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Archives d'Histoire Contemporaine - Centre d'Histoire de Sciences-Po

Page history last edited by Paul Keenan 14 years ago

Date of tip: 06 April 2005

Source: Garret Martin, g.j.martin@lse.ac.uk


Location: France. 56, Rue Jacob (1st floor), 75006 Paris. Nearest Metro is Saint Germain des-Près  (Metro line 4). Phone number of the Archives is +33 1 58 71 71 31. Phone number of the reading room is +33 1 58 71 71 34. 


Language: The archivist is French-speaking, and has basic understanding of English.  


Getting started: First, check out the following link: http://chevs.sciences-po.fr/archives/fonds/index.html. It is a list of all the available private papers, including in most cases an online index. If you find some papers you are interested in, then click the following link: http://chevs.sciences-po.fr/archives/inscription.html. This will lead you to the online registration page, where you are required to give your personal info, the papers you want to consult, and to book dates when you would like to use the reading room. Within a few days, you should receive an email from the archivist, confirming that your application has been successful. Registration is free.


Opening Hours: Monday to Friday, 9.30 am until 1.00 pm. besides the usual French bank holidays, the reading room is normally closed during the month of August, and in the period between Christmas and New Year’s Eve. 


General working conditions: It is certainly a small reading room – that can welcome about 8-9 people – and is not overly comfortable. Moreover, it is a bit lacking in terms of plugs for laptops. 


Consultation: In theory, the archivist allows researchers to consult a minimum of at least three volumes per day. In practice, she is very flexible and that rule is rarely respected. 


Policy on technology: Laptops and digital cameras are allowed. The only caveat is that you are expected not to publicly reproduce those pictures, nor use them for publications.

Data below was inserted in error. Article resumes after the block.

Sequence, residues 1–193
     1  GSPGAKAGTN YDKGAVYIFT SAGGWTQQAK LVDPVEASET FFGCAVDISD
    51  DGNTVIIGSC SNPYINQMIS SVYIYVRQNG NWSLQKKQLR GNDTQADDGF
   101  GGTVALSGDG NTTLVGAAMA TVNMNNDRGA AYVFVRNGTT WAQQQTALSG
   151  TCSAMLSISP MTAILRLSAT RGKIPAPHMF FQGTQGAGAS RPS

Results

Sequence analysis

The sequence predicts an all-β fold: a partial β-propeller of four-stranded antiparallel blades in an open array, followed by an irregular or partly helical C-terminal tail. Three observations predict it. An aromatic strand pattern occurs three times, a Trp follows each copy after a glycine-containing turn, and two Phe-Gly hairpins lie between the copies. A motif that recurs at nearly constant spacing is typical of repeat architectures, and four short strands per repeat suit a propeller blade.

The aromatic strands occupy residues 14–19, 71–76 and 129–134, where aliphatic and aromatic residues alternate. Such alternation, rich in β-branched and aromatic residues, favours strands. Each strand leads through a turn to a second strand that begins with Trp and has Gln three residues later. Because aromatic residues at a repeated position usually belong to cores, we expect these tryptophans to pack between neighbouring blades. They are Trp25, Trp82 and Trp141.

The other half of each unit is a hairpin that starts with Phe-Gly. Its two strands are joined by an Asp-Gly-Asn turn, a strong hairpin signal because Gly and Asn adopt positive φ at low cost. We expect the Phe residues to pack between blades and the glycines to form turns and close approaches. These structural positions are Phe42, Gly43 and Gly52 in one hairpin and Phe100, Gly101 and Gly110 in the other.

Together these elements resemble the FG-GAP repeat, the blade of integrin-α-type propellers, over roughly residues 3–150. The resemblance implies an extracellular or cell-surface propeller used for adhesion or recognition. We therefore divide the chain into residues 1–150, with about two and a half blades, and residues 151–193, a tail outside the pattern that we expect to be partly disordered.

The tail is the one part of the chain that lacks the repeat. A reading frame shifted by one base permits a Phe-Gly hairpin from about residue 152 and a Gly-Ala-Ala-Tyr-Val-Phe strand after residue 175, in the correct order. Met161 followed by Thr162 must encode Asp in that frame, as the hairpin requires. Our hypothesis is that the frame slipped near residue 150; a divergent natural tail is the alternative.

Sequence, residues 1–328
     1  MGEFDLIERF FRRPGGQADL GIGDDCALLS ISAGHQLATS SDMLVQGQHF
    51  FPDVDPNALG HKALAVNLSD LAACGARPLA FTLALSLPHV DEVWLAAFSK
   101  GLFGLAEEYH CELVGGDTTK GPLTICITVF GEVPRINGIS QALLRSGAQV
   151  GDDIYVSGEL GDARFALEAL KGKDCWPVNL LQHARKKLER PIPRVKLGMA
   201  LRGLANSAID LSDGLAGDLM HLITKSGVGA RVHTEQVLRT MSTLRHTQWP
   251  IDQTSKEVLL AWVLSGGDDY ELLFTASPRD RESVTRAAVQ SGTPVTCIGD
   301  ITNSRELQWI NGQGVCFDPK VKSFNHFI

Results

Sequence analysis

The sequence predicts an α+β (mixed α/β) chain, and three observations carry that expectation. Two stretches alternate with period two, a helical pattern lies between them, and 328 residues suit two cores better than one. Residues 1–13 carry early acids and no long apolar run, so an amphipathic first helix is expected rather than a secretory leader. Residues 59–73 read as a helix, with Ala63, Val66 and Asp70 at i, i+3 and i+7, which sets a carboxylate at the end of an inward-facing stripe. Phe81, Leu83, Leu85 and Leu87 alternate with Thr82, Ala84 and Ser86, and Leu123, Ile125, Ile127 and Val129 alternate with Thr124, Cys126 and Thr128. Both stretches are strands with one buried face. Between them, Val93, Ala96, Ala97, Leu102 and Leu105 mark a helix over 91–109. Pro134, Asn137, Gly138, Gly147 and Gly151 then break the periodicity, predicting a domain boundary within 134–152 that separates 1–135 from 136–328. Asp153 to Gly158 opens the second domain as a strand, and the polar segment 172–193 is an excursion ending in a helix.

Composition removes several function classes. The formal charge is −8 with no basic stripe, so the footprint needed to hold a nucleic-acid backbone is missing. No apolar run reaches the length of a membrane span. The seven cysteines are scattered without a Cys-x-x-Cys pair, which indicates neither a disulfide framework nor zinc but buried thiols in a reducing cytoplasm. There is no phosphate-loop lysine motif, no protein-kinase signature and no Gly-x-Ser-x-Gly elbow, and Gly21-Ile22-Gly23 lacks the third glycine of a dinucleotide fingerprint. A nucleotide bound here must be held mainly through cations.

Photocopy policy: The standard rate for photocopies is 0, 20 € per page. On the other hand, photocopies are not allowed when it comes to classified volumes. 


Particularities: The reading room is only opened in the morning, and there is no cafeteria.  


How to apply for classified files: Regarding classified files, you generally have to fill in a dérogation. You are basically asking the Archives Nationales for access to classified files, and they promise to send an answer back by post. Stephanie Hare-Cuming (LSE PhD, 2004-8) applied for classified files, and says that it took about two months for the letter to arrive.  


Contact name in case of questions regarding classified files: Dominique Parcollet (dominique.parcollet@sciences-po.fr. +33 1 58 71 71 34). She is in charge of the archives and the reading room. Generally, she mans the reading room on her own, and she is the best person to contact for any query. 


General Assessment: My comments so far on this archive may sound slightly misleading. True, the reading room is small, and the fact it is only opened in the morning is certainly frustrating, in particular when coming from abroad and time is limited. Yet, the material there tends to be interesting, underused, and more importantly, you are dealing with a staff that is actually keen to help researchers, which is something of an anomaly in the world of French archives! 

In many ways, you are benefiting from being in a smaller environment. While far from being as rich as the Quai d’Orsay, or even the Archives Nationales, in terms of material, I would certainly recommend using this archive if you find private papers related to your subject. 

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